CCS – A necessity to countering China’s persisting coal growth

The EPA rules set out the first regulations for coal fired power plants ever in the US. (Source:
The EPA rules set out the first regulations for coal fired power plants ever in the US. (Source:

Publish date: March 3, 2015

On 12 November 2014 China and the US jointly announced ambitious commitments to undertake deep greenhouse emission reductions. China pledged to peak its CO2 emissions by 2030 and to achieve 20% of its primary energy from non-fossil fuel energy sources. Despite these ambitious commitments, China’s deployment of coal energy has continued growing throughout 2014. Carbon Capture and Storage (CCS) technology might be the only available means to counter the long-term climate effects of these developments.

While China’s climate change commitments and achievements with regards to uptake in renewables are to be commended, the latest report from China’s National Energy Administration shows that coal power plant capacity has continued expanding throughout 2014.

In fact, the report shows that the amount of new coal energy added to the Chinese grid last year exceeded new solar energy by 17 times, new wind energy by more than 4 times, and even new hydro by more than 3 times.

At first sight, these findings seem to be in contradiction with other recent reports which state that the total coal use in China fell in 2014 for the first time by about 2.5%. However, these trends are not inconsistent. Half of China’s coal use takes place outside of the power sector, in particular in heavy industries, which have reduced their coal use as exports fell in 2014 and the government introduced policies to withdraw subsidies to heavy industry. Moreover, the overall demand growth in the power sector reached a decade low but is expected to resume. These short-term developments, however, do not undermine the general trend of continued uptake in coal deployment in China’s power sector, which represents a growing share of China’s energy use.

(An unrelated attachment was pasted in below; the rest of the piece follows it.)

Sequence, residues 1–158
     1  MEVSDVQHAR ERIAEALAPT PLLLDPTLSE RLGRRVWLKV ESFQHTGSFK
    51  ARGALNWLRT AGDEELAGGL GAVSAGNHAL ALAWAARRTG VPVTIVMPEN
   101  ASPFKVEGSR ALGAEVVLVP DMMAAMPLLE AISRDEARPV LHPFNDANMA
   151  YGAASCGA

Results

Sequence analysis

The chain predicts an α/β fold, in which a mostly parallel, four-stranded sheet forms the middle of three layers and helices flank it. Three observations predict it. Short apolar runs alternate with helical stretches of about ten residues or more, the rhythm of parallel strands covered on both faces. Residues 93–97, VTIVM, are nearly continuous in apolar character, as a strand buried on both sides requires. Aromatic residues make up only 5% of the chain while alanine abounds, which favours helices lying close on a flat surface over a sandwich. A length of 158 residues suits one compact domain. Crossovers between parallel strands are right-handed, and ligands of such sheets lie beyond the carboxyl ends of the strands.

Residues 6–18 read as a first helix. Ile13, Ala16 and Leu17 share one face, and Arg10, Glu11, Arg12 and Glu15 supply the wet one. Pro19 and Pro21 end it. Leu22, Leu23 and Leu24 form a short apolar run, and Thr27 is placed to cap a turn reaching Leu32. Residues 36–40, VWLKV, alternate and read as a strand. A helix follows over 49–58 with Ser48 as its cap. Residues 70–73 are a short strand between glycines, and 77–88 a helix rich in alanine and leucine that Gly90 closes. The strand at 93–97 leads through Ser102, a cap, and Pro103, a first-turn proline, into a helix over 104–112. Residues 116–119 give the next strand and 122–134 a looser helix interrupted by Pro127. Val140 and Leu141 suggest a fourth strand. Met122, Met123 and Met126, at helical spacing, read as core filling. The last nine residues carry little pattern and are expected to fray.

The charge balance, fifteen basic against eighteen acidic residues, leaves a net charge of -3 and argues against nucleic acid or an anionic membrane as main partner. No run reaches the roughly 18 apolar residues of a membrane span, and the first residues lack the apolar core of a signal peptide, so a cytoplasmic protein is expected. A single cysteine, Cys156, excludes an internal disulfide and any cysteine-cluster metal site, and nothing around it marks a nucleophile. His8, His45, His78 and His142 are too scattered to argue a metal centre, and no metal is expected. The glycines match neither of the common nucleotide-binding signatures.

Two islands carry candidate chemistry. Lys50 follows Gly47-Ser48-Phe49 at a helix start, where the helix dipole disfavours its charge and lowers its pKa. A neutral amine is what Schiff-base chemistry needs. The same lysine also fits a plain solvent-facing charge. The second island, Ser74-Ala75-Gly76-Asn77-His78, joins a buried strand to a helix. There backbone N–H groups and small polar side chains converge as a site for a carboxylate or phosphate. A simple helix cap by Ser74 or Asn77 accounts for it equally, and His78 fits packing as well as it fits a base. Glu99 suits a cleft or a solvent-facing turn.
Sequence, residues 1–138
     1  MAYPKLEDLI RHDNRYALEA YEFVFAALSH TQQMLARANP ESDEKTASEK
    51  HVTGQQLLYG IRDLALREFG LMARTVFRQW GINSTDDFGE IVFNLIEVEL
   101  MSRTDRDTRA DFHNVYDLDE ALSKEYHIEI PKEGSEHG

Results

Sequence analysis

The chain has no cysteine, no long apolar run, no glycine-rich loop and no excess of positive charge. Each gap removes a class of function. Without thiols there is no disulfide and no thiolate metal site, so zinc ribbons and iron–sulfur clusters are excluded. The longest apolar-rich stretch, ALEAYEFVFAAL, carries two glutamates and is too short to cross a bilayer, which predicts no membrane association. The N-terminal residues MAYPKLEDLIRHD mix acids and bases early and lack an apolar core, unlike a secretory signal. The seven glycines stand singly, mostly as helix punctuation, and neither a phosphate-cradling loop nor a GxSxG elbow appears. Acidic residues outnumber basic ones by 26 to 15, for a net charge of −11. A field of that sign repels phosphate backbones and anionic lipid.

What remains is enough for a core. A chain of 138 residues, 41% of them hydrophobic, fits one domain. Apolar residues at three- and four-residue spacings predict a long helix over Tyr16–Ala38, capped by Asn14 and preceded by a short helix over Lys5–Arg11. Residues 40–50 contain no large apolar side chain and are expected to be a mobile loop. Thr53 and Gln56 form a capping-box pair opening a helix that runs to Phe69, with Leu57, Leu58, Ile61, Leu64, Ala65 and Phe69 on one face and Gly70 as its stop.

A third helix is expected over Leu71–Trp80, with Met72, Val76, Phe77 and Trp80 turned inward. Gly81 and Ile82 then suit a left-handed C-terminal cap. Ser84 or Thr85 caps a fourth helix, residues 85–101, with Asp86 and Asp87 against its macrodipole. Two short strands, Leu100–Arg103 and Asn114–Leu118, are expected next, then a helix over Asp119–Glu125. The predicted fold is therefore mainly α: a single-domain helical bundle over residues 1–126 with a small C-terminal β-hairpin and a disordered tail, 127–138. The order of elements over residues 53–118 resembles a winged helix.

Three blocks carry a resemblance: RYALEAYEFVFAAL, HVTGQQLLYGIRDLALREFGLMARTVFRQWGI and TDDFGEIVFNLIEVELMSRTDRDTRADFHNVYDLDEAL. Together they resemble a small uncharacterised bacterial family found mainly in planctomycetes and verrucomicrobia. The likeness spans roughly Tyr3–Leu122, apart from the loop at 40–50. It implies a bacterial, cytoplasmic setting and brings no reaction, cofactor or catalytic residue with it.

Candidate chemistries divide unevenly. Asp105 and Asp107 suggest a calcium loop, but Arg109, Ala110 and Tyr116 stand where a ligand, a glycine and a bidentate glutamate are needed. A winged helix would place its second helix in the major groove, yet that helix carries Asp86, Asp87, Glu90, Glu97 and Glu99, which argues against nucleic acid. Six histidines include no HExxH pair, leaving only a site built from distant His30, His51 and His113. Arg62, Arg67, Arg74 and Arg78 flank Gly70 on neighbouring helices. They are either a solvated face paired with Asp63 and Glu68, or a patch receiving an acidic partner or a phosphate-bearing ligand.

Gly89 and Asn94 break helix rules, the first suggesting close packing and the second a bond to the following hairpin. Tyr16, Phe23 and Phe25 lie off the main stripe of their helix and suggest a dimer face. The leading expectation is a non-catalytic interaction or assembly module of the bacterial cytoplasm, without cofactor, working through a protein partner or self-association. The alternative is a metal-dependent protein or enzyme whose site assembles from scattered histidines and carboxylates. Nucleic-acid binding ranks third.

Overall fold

The sustained growth in coal power plants leaves a heavy footprint on the earth climate, which even a peak in CO2 emissions by 2030 cannot compensate for. Consequently, China will have no choice but to ensure new and existing coal and gas power plants are equipped with CCS technology. CCS is the only available technology that can achieve sufficiently deep emission reductions in some energy-intensive sectors.

Alongside their commitments to undertaking ambitious emission cuts, the US and China announced plans to enhance cooperation in the field of CCS and to undertake a major project with enhanced water recovery in China. The materialisation of this project would form an important component of a business case for moving CCS forward in China as well as globally.